MobileMe, on my iBook G4 running the latest Tiger install and synced with an iPhone 3G, doesn’t work as advertised. The web version is only a little better. That “pack for Chicago” reminder? It showed up in MobileMe’s web iCal. But my contacts made it from either my iPhone or my iBook just fine – but why wouldn’t they show up on my iPhone?

Surely these are all symptoms others have reported before – but MobileMe actually syncing with Tiger was enough of a treat to try the whole thing out. It turns out, though, that MobileMe probably isn’t for me. Not the way it’s working now, at least.

Update: MobileMe syncs with OS X 10.4 Tiger [finally]

July 26th, 2008

You see that? Finally, after two weeks of waiting, my MobileMe account syncs to that damn cloud that keeps raining on everyone.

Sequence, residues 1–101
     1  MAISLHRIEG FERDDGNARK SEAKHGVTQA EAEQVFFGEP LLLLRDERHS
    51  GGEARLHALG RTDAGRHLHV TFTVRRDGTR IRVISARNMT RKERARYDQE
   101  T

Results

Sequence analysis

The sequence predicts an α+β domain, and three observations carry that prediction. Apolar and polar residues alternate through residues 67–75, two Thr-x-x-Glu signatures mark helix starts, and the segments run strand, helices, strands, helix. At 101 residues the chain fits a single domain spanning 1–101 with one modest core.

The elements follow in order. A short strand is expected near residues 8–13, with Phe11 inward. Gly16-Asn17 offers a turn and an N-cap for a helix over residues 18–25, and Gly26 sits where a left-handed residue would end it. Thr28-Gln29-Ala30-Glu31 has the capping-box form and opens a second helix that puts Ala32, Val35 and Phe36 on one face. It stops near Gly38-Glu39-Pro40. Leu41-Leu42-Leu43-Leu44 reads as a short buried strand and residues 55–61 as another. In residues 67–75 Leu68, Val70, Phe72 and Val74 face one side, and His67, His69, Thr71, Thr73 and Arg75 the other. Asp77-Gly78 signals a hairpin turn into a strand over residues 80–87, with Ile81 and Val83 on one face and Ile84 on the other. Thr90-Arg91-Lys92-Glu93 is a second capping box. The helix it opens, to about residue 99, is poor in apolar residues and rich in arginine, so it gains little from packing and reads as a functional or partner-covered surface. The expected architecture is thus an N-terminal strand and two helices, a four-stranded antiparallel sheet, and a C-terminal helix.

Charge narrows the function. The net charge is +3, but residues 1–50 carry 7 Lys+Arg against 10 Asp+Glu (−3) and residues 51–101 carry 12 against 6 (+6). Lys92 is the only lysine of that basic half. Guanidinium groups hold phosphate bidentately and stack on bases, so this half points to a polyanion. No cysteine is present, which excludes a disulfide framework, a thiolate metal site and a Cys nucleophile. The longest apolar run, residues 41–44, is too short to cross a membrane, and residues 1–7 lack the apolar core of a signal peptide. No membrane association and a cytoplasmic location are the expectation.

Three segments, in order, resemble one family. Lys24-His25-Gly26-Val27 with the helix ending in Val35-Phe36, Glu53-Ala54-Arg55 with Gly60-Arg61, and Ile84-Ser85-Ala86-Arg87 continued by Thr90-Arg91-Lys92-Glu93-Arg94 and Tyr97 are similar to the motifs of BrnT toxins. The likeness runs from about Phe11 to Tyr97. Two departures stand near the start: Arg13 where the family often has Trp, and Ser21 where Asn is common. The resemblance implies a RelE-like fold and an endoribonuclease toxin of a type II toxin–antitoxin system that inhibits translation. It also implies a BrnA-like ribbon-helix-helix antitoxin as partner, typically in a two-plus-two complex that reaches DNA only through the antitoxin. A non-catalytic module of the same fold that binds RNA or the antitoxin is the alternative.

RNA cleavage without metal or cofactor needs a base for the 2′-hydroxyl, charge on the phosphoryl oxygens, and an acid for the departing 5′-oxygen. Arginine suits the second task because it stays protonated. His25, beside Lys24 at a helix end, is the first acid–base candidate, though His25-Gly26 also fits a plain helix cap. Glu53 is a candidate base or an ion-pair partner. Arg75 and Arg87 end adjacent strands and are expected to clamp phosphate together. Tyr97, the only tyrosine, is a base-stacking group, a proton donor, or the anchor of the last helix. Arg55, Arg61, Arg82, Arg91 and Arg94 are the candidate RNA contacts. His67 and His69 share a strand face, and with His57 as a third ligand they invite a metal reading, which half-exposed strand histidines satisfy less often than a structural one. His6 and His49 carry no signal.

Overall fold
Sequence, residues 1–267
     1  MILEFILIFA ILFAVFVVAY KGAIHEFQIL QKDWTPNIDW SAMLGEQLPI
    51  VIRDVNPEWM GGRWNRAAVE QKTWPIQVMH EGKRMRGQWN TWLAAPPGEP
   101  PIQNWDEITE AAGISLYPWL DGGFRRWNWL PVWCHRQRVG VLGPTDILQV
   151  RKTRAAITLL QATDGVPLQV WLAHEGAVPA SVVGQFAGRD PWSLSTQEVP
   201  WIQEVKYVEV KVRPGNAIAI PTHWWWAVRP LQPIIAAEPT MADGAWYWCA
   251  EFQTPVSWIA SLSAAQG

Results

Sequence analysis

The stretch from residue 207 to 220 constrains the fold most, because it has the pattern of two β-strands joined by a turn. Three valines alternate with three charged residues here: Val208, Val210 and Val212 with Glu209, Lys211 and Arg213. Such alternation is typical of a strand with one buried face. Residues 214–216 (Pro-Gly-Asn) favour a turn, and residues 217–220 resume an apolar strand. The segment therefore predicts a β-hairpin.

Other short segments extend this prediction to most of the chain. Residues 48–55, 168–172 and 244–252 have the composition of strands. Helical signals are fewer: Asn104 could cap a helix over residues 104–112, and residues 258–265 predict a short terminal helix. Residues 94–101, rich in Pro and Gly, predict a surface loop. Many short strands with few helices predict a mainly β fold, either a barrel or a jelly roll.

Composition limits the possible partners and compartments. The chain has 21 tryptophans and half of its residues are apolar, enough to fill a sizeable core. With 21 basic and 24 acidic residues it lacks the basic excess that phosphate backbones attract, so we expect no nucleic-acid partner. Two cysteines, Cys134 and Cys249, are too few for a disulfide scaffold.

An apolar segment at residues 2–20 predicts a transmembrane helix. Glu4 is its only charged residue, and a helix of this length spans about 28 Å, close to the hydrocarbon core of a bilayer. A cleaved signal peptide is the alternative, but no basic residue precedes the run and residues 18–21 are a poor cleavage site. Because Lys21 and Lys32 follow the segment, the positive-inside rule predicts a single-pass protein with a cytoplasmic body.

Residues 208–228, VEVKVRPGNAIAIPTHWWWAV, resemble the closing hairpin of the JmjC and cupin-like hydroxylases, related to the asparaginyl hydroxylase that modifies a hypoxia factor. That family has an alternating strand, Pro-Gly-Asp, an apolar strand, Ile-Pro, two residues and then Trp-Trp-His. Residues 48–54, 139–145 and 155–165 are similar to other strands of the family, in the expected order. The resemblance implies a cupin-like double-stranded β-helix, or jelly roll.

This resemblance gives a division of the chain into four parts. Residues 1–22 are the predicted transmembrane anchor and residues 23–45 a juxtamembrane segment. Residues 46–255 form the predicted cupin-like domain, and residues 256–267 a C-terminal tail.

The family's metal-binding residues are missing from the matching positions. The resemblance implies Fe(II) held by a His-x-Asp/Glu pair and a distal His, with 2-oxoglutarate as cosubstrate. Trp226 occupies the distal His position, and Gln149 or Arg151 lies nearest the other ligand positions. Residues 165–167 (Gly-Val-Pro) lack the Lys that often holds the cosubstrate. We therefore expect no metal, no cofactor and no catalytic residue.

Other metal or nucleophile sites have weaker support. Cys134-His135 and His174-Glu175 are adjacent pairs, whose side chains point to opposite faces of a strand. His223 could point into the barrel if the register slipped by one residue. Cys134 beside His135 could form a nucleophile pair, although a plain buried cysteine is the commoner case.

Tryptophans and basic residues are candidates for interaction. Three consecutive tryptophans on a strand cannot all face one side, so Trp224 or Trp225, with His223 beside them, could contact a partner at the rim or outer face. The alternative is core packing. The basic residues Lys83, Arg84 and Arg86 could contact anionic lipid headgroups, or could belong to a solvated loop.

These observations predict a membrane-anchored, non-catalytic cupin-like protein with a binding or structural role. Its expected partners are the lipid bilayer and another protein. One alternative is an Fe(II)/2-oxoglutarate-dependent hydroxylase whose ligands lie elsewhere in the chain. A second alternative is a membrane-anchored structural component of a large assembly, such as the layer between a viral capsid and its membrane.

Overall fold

Every day since I purchased my iPhone and signed up for the free 90-day trial of MobileMe I’ve tried syncing my iBook (running OS X 10.4.11), and every day it gives me the same message: try again, buddy. But, like a mouse hoping the electrified button will bring more cheese, I kept trying.

Finally, this morning, after a friend had sent me an e-mail asking if I liked MobileMe (and right before I sent my reply saying “don’t even think about it”) the .Mac sync screen above showed up. It parsed through my iCal and Address Book settings and sent them to MobileMe Land, which meant I could keep everything on my iBook and iPhone synced. Good news.

Things have gotten so bad that usually-secretive Apple has a MobileMe status blog of sorts from some mysterious employee who received a directive from Steve Jobs: inform the masses. Apologize. Send it via RSS. Keep them In The Know.